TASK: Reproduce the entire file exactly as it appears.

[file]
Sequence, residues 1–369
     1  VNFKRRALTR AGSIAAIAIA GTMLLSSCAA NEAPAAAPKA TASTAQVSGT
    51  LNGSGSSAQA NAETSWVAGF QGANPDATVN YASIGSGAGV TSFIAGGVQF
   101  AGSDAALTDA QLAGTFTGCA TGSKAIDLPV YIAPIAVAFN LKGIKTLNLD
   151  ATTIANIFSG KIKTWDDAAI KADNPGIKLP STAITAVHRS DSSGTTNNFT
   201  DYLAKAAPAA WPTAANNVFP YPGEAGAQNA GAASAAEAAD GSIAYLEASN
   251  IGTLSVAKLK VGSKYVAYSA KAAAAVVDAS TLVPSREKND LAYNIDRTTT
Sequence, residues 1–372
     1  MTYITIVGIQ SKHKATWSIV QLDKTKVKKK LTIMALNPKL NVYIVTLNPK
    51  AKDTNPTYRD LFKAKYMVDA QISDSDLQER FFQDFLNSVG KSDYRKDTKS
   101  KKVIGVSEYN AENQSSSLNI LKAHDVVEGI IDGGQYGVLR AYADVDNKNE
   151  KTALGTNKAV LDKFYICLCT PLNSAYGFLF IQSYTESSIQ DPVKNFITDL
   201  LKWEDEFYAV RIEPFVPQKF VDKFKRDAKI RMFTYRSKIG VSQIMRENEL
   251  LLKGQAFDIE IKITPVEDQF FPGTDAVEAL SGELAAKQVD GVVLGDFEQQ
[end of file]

Sequence, residues 1–369
     1  VNFKRRALTR AGSIAAIAIA GTMLLSSCAA NEAPAAAPKA TASTAQVSGT
    51  LNGSGSSAQA NAETSWVAGF QGANPDATVN YASIGSGAGV TSFIAGGVQF
   101  AGSDAALTDA QLAGTFTGCA TGSKAIDLPV YIAPIAVAFN LKGIKTLNLD
   151  ATTIANIFSG KIKTWDDAAI KADNPGIKLP STAITAVHRS DSSGTTNNFT
   201  DYLAKAAPAA WPTAANNVFP YPGEAGAQNA GAASAAEAAD GSIAYLEASN
   251  IGTLSVAKLK VGSKYVAYSA KAAAAVVDAS TLVPSREKND LAYNIDRTTT
Sequence, residues 1–372
     1  MTYITIVGIQ SKHKATWSIV QLDKTKVKKK LTIMALNPKL NVYIVTLNPK
    51  AKDTNPTYRD LFKAKYMVDA QISDSDLQER FFQDFLNSVG KSDYRKDTKS
   101  KKVIGVSEYN AENQSSSLNI LKAHDVVEGI IDGGQYGVLR AYADVDNKNE
   151  KTALGTNKAV LDKFYICLCT PLNSAYGFLF IQSYTESSIQ DPVKNFITDL
   201  LKWEDEFYAV RIEPFVPQKF VDKFKRDAKI RMFTYRSKIG VSQIMRENEL
   251  LLKGQAFDIE IKITPVEDQF FPGTDAVEAL SGELAAKQVD GVVLGDFEQQ